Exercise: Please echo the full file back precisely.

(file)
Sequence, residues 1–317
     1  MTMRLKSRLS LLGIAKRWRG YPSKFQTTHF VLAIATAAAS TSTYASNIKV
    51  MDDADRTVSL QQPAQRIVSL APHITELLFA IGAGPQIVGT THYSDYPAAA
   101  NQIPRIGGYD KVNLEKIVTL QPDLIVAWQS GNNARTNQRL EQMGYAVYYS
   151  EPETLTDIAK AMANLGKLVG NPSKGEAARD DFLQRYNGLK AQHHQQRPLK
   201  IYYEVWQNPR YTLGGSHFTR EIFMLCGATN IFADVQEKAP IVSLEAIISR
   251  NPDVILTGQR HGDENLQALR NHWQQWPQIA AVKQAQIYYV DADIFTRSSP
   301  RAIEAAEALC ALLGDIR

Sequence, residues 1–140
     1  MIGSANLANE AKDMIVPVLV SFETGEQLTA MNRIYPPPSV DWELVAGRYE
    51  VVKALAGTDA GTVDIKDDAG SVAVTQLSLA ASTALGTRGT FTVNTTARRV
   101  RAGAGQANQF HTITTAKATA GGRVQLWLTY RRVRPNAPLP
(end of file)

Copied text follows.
Sequence, residues 1–317
     1  MTMRLKSRLS LLGIAKRWRG YPSKFQTTHF VLAIATAAAS TSTYASNIKV
    51  MDDADRTVSL QQPAQRIVSL APHITELLFA IGAGPQIVGT THYSDYPAAA
   101  NQIPRIGGYD KVNLEKIVTL QPDLIVAWQS GNNARTNQRL EQMGYAVYYS
   151  EPETLTDIAK AMANLGKLVG NPSKGEAARD DFLQRYNGLK AQHHQQRPLK
   201  IYYEVWQNPR YTLGGSHFTR EIFMLCGATN IFADVQEKAP IVSLEAIISR
   251  NPDVILTGQR HGDENLQALR NHWQQWPQIA AVKQAQIYYV DADIFTRSSP
   301  RAIEAAEALC ALLGDIR

Sequence, residues 1–140
     1  MIGSANLANE AKDMIVPVLV SFETGEQLTA MNRIYPPPSV DWELVAGRYE
    51  VVKALAGTDA GTVDIKDDAG SVAVTQLSLA ASTALGTRGT FTVNTTARRV
   101  RAGAGQANQF HTITTAKATA GGRVQLWLTY RRVRPNAPLP